People thinking that you think that you are better than them

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For me, life is about happiness. I can have a better job, a wife, own my home, children and drive a better car but if I am not happy with my life and you are happy with yours, then you are more successful in my eyes.

I am always talked about among my parents, uncles, aunts and grandparents as the example of the family (out of my cousins). I am the first to get married, buy my own home, always had a good job and seen as the smart one. Because of my definition of success, I brush these praises off but am happy to use what successes I have had to help people out, whether that be financial advice, helping with CV's, job hunting etc.

Our family don't meet up as much as we used to, now probably once a year or so, and for the past few years and occasions we have met I have felt a bit like an outcast. First time I took note of it was when someone noticed a watch I was wearing and asked how much it was. It's a Hugo Boss watch and cost me £200. There was a bit of an awe that I was in a position to spend that much on a watch (which I don't even consider that expensive). From that day there was this odd vibe I would constantly get with little digs about my wealth (I am really not wealthy) and spending. You know, "we're all not as rich as you Andy" when I suggest a day out at a restaurant where we all will just split the bill instead of fussing around who ate what (which never adds up as people forget drinks and service charge!).

A few weeks ago it blew up into a massive argument. We were at my uncles birthday party at his house where he asked me how things were going with the house. I mentioned how we settled in well and still have a few things here and there to do. He then mentions how proud he is of me and how I am a great example then out of no where, 2 of my cousins just start attacking me saying how I am "not that great" and how I am a "sell out" because I think I am too good for the family (I apparently don't attend family dinners and such because they are not to my standards).

I didn't fight back, or even say anything. After my aunts and uncles calmed them down one of my other cousins came and said "you do come across very arrogant". This is when I responded. I am quite a meek person and keep myself to myself. I don't have many friends and spend most of my free time watching TV and playing video games. I reflected on that comment and realised every time something like this has come to the surface, I have never been the instigator. I would wear a watch and get called a snob. Asked how much my car is (A bloody Golf!) and get all these rich boy comments. Show up to a family event from work still in my suit and get funny looks.

The sad thing is, I expect that behavior from certain family members as they have no class but it's sad to see the ones who you thing you are friends with take the other side. Sorry for the long rant, had to get it off my chest.
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  • moneyistooshorttomention
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    Ignore them.

    A £200 watch and £19,000 (?? or thereabouts) car is "normal". It's not "rich kid".

    Sounds like they're trying to drag you down to their level - and the probable reason is jealousy.

    Why be jealous of someone that just has "normal" standard? But I guess it's because they don't come across anyone rich or even wealthy - so even "normal" standard is a "step up the ladder" from where they are and hence the green-eyed monster.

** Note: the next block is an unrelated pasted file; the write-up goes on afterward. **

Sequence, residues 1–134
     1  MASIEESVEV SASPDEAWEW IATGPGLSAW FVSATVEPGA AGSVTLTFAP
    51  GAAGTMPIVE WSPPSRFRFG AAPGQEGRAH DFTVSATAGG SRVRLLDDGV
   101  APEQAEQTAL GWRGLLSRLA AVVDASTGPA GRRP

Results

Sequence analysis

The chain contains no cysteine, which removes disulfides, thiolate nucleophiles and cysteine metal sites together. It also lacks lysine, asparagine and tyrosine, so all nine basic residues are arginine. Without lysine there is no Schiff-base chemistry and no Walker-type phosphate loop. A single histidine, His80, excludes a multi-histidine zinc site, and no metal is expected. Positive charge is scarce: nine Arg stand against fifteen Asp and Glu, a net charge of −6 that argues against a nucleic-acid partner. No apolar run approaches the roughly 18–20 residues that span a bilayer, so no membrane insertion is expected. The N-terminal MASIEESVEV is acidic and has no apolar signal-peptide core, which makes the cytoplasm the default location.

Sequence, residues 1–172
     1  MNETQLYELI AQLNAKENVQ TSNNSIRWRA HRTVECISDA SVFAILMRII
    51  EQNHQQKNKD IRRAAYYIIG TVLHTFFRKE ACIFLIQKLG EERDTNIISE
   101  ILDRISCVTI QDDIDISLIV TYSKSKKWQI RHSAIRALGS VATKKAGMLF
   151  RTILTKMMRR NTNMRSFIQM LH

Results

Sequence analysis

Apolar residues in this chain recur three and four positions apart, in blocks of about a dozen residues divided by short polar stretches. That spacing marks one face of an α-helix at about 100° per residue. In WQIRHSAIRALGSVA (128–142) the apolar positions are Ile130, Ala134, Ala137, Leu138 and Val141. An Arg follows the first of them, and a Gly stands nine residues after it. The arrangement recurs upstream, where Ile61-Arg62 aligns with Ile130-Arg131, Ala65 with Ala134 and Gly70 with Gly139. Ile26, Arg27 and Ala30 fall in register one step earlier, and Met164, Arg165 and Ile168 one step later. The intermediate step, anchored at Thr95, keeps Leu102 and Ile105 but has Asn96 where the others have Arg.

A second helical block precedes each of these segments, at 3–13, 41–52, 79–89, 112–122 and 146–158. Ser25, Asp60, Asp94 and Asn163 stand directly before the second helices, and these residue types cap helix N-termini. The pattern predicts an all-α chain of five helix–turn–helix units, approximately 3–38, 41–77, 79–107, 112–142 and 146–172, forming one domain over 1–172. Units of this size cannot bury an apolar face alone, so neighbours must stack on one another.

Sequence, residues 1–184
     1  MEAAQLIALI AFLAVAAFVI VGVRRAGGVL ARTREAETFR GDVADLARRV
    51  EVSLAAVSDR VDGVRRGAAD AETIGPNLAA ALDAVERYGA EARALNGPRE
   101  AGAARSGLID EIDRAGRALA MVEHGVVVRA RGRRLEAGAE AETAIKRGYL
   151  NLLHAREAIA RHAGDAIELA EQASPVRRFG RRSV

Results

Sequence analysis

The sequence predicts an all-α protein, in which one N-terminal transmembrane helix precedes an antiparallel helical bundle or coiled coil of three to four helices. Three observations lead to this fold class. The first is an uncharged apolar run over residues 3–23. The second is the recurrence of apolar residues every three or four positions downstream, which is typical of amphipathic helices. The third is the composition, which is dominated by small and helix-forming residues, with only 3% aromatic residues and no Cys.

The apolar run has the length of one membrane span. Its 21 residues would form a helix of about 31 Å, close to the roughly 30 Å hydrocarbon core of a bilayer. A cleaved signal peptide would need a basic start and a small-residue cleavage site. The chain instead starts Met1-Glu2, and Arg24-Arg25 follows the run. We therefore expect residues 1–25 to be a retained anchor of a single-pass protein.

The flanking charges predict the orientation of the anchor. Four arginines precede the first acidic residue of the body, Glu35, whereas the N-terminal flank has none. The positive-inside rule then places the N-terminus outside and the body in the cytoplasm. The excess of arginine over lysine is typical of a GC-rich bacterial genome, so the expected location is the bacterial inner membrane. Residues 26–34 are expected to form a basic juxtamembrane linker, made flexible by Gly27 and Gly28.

• cats2012
    cats2012 Posts: 1,182 Forumite
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    To be fair I'm not sure it's quite accurate to just say that's "normal"...me & OH earn a very comfortable income for our age, own our home, are married etc with no debts and a nice savings pot - however I'd never spend £200 on a watch (I spent £150 for OH's 30th as a "special" present) and we always buy second hand cars for definitely less than 10k. HOWEVER it's each to their own and if you can afford/justify it then great for you - we probably could but prefer more savings/holidays.

    I think it's natural for people to be jealous - but do also remind yourself how lucky you are and maybe just try not to flaunt it at all. For example, there are certain groups where we always just split the bill but also other groups where I wouldn't dream of it as I know it would be hard for some lower earners to cover even £5 they didn't spend. It's about knowing your audience, and if your audience are lower income perhaps just tone things down a little and be mindful of that.

    Equally, you should be able to just be yourself :) jealousy is very hard for some people, all you can do is try to find the balance between being yourself and not antagonising the situation.
    Officially Mrs B as of March 2013
    TTC since Apr 2015, baby B born March 2017
  • London50
    London50 Posts: 1,850 Forumite
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    IMO total jealousy, some people just cannot stand when anyone {family or not} is doing "better" in their minds than they are.
    I have never been in the position to own my own home or buy what some would say are "dear items"unlike most of my family or friends {including my own children} but I am happy with what I have and just as important to me happy for them.
    From my long life I have understood that families can be far worse than others over that type of thing and love to "dig" over another getting on better than they are. It is just a fact of life, I understand it is hard on you but try to ignore them, they chose their way and you chose yours :0)
  • Hermia
    Hermia Posts: 4,473 Forumite
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    cats2012 wrote: »
    I think it's natural for people to be jealous - but do also remind yourself how lucky you are and maybe just try not to flaunt it at all. For example, there are certain groups where we always just split the bill but also other groups where I wouldn't dream of it as I know it would be hard for some lower earners to cover even £5 they didn't spend. It's about knowing your audience, and if your audience are lower income perhaps just tone things down a little and be mindful of that.

    Equally, you should be able to just be yourself :) jealousy is very hard for some people, all you can do is try to find the balance between being yourself and not antagonising the situation.